Ever since we moved out to The Woods last summer, we’ve discussed cutting down some of the small pine trees which surround the barn and outbuildings.
We bought a chainsaw awhile back but hadn’t used it until today. I think that both of us were hesitant to operate it because of the danger factor.
We donned our work gloves, and our special hard orange hats with protective screens for the eyes and headphones for the ears.
James read all the directions carefully and fired ‘er up. The first cut was a branch growing at a weird angle from the base of our liquid amber tree out front (which you may recall from last Fall’s photos).
After several pulls of the starter rope, the chainsaw came to life. I had expected something louder and more dramatic, but the gas-powered machine was not quite as scary as I’d imagined.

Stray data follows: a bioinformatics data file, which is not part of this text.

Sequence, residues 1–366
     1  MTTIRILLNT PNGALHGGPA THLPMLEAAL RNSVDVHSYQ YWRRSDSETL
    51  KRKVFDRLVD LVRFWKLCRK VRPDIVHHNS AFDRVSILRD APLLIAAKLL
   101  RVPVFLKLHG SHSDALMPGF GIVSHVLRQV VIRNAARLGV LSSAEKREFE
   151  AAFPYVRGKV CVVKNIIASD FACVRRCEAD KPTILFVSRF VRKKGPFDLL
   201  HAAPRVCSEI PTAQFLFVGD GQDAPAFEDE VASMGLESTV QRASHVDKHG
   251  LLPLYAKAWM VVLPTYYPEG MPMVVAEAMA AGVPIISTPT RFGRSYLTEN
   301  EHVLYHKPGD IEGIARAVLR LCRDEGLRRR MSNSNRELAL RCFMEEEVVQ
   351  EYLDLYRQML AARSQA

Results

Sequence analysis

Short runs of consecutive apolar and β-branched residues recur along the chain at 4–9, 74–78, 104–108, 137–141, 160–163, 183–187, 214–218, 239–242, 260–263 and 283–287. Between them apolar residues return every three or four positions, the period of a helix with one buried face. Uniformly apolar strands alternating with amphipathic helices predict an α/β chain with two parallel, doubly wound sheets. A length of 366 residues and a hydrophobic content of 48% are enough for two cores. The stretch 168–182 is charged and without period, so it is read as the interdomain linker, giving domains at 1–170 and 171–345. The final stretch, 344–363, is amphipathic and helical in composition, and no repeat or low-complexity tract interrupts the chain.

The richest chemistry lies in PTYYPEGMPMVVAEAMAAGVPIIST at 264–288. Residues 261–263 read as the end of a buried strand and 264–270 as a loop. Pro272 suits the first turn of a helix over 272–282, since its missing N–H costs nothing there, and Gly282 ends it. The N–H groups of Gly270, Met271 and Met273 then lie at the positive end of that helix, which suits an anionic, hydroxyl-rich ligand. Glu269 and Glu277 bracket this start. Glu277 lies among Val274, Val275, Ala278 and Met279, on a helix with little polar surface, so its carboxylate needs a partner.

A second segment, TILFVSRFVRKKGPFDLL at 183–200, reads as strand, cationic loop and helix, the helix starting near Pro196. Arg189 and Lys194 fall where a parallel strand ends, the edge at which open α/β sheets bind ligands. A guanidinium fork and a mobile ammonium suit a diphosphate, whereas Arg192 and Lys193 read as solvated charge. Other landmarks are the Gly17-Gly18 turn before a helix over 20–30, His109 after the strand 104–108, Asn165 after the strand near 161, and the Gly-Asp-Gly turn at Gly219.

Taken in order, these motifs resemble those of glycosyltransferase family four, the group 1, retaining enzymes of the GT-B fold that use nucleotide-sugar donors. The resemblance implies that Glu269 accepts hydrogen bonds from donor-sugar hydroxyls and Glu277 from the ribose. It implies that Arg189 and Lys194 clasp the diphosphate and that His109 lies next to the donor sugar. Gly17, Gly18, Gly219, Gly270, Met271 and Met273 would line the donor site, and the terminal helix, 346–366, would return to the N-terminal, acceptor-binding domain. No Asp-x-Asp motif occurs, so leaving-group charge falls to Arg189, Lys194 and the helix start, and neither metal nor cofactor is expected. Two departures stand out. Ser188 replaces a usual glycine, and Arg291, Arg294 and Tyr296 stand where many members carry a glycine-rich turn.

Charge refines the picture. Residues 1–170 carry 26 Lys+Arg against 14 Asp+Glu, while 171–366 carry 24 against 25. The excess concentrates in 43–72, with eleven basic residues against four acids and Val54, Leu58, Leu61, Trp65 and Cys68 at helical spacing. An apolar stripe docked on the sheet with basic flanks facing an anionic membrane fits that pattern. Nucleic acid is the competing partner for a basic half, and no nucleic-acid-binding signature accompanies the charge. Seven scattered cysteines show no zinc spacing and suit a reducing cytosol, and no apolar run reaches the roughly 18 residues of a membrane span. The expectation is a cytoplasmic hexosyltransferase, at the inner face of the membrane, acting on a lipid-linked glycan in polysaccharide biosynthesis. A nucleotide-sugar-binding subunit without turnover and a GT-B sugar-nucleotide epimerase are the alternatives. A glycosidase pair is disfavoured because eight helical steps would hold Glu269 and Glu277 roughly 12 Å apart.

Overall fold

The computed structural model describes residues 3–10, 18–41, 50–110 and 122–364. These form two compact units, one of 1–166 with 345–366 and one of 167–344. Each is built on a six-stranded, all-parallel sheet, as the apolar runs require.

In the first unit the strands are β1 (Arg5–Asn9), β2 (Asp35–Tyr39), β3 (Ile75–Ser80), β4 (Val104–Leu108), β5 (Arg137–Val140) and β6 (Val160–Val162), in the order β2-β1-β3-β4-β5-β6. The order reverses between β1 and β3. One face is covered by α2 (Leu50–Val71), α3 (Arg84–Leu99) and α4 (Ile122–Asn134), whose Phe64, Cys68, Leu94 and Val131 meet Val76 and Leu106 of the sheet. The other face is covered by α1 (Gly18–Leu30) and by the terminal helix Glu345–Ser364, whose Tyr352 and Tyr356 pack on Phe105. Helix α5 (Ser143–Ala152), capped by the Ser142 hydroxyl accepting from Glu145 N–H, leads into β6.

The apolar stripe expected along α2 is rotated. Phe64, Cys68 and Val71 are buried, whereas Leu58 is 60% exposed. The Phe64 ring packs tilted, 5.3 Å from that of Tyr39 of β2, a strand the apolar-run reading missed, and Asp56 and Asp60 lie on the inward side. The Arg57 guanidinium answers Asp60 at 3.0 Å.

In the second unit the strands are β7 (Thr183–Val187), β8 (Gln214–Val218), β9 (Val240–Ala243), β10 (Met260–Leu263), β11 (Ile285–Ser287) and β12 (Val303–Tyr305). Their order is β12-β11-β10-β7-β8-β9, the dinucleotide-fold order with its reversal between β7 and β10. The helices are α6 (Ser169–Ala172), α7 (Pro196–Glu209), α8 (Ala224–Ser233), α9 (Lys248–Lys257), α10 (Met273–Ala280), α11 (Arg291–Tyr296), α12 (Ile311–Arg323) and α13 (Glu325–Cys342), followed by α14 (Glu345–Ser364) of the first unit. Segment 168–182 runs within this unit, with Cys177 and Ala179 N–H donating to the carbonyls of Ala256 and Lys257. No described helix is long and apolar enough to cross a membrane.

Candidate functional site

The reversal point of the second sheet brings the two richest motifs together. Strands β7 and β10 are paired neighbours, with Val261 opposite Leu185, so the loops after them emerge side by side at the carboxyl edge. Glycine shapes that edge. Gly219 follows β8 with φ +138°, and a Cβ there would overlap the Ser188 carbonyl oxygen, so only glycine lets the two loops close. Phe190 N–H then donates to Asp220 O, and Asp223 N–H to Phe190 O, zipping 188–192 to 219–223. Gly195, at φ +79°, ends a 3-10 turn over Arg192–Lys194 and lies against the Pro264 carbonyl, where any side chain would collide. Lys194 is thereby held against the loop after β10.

However, both James and I have a healthy respect for the chainsaw’s power, and we need to be extremely careful and mindful while operating it at all times.
James approached the liquid amber tree. Zing! The saw cut through the large branch “like buttah”.
“Let’s go out back and try it on a couple small pines!” James exclaimed, so we walked out back to the meadow.
He cut down a twenty-foot tall tree which was probably ten years old, and trimmed off a few branches before letting me cut off the rest. Then I cut the trunk into eighteen-inch sections for firewood.
I was relieved to find that I could manage the chainsaw with ease, but I refuse to be lulled into false complacency or confidence. We absolutely have to be careful. I think the real danger will come after using it a while, when the tendency to relax may creep in.
James suggested that we always operate the chainsaw together, which is a good idea.
Although it is sad to cut short a tree’s life — a new experience for both of us — as long as we do this in a conscious way and give thanks for the firewood, we will feel all right about it.